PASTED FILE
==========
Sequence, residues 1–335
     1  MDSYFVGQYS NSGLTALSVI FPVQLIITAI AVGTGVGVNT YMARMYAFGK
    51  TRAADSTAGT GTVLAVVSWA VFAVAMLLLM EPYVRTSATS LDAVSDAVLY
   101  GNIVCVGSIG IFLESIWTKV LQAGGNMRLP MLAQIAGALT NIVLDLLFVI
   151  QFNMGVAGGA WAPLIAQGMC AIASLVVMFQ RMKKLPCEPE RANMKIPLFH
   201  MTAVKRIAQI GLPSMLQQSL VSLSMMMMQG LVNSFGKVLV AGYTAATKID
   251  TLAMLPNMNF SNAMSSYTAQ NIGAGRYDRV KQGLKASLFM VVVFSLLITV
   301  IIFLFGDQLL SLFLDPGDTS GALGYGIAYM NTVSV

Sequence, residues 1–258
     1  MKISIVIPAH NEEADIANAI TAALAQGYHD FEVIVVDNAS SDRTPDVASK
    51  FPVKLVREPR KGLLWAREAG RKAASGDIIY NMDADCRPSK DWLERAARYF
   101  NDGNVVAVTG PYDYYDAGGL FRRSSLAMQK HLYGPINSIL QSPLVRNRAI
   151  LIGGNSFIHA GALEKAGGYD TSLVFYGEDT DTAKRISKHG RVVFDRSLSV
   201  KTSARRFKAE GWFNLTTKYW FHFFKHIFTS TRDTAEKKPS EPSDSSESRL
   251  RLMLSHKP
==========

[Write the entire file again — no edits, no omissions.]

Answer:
Sequence, residues 1–335
     1  MDSYFVGQYS NSGLTALSVI FPVQLIITAI AVGTGVGVNT YMARMYAFGK
    51  TRAADSTAGT GTVLAVVSWA VFAVAMLLLM EPYVRTSATS LDAVSDAVLY
   101  GNIVCVGSIG IFLESIWTKV LQAGGNMRLP MLAQIAGALT NIVLDLLFVI
   151  QFNMGVAGGA WAPLIAQGMC AIASLVVMFQ RMKKLPCEPE RANMKIPLFH
   201  MTAVKRIAQI GLPSMLQQSL VSLSMMMMQG LVNSFGKVLV AGYTAATKID
   251  TLAMLPNMNF SNAMSSYTAQ NIGAGRYDRV KQGLKASLFM VVVFSLLITV
   301  IIFLFGDQLL SLFLDPGDTS GALGYGIAYM NTVSV

Sequence, residues 1–258
     1  MKISIVIPAH NEEADIANAI TAALAQGYHD FEVIVVDNAS SDRTPDVASK
    51  FPVKLVREPR KGLLWAREAG RKAASGDIIY NMDADCRPSK DWLERAARYF
   101  NDGNVVAVTG PYDYYDAGGL FRRSSLAMQK HLYGPINSIL QSPLVRNRAI
   151  LIGGNSFIHA GALEKAGGYD TSLVFYGEDT DTAKRISKHG RVVFDRSLSV
   201  KTSARRFKAE GWFNLTTKYW FHFFKHIFTS TRDTAEKKPS EPSDSSESRL
   251  RLMLSHKP